You will always find that betting on the underdogs returns more money, as this is precisely how sports betting odds are engineered. But be wary, they’re underdogs for a reason, and they’re not expected to win!

Tip: If you want to bet on the underdogs to increase your potential profit, always research the current form, injuries, and the history of the matchup in question before placing a bet. Underdogs are not supposed to win, so you will lose your bet more often than not. However, researching specific matchups will help you identify patterns and potentially indicate an instance where it makes sense to back the underdog.

## What about implied probability?

One of the most crucial ways to understand how likely a moneyline bet is to occur is to calculate the implied probability. Simply, implied probability refers to the likelihood of an outcome as suggested by the odds given.

The good news is that you can easily convert odds to probability, making it much easier to understand how likely a bookmaker thinks a particular outcome is to occur. This will provide you with an insight into the value of a particular betting market and thus, improve your chances of winning your bet.

Here’s an example to illustrate how to calculate the implied probability of your bet:

Let’s say you fancy the Cleveland Browns (-120) to beat the Bengals (+180) in an upcoming matchup. But what is the implied probability of the outcome? Here’s how to work it out:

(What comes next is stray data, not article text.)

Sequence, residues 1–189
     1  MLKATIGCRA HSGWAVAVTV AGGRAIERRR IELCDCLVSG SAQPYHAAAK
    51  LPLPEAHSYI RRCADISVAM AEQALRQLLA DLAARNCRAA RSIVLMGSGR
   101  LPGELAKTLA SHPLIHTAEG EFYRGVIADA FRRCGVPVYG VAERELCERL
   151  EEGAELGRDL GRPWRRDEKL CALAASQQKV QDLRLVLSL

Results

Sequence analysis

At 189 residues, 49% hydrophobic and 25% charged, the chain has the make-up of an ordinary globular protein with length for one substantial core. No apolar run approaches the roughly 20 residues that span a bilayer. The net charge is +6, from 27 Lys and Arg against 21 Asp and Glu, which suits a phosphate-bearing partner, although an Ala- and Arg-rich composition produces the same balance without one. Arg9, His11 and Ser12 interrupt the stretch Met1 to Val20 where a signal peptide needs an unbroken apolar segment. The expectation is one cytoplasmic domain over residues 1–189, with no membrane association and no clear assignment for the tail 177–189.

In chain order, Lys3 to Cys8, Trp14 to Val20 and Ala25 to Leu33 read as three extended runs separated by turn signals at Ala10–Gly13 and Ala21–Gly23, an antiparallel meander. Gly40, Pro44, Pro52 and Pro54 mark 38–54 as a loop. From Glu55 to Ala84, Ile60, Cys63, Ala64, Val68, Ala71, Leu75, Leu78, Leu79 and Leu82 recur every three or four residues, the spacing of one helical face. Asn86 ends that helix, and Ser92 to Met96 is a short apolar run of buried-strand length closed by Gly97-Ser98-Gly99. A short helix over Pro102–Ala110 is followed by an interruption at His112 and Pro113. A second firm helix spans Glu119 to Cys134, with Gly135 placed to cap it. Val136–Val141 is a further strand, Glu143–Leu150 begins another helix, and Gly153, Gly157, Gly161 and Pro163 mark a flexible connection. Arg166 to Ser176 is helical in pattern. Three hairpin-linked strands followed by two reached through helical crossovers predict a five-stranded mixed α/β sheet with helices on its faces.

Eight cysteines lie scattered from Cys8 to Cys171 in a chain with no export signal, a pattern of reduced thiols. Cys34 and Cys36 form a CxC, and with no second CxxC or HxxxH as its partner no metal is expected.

Take your odds (120) and divide them by 120 + 100 (220). This gives you an implied probability of 0.545, which you then multiply by 100 to give you a probability percentage of 54.5%.

## But what if you favored the Bengals in the matchup?

The way of calculating the implied probability of positive odds in the moneyline is slightly different. You take your odds (180) and add 100 to give you 280. You then divide 100 by 280, which gives you an implied probability of 0.357. When multiplied by 100, this would give you 35.7%.

As you can see, the implied probability of a Browns victory – the favorites – is much higher at 54.5% than the Bengals, who are at 35.7%.

Ultimately, if the implied probability given is less than your own original assessment of the likely result, then it represents betting value and is worthy of a wager.

## Recap: calculating betting odds with the Moneyline system

The favorites are represented with a (-), while the underdogs are represented with a (+)

In a favorite moneyline bet, the number given indicates how much you will need to wager to win $100

In an underdog moneyline bet, the number given indicates how much a $100 stake will return

The formula for betting on a positive moneyline outcome (the underdog) is as follows: potential profit = stake x (odds/100)

The formula for betting on a negative moneyline outcome (the favorite) is as follows: potential profit = stake/ (odds/100)